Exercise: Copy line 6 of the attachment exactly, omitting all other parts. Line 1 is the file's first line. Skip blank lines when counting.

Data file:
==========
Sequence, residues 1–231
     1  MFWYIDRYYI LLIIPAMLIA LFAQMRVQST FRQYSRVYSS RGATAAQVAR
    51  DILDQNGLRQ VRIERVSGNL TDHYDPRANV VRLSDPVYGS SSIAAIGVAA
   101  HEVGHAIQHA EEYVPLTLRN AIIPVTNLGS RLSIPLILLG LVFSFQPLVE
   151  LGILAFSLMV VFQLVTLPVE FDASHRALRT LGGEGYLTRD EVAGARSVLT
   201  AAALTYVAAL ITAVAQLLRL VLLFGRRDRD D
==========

   201  AAALTYVAAL ITAVAQLLRL VLLFGRRDRD D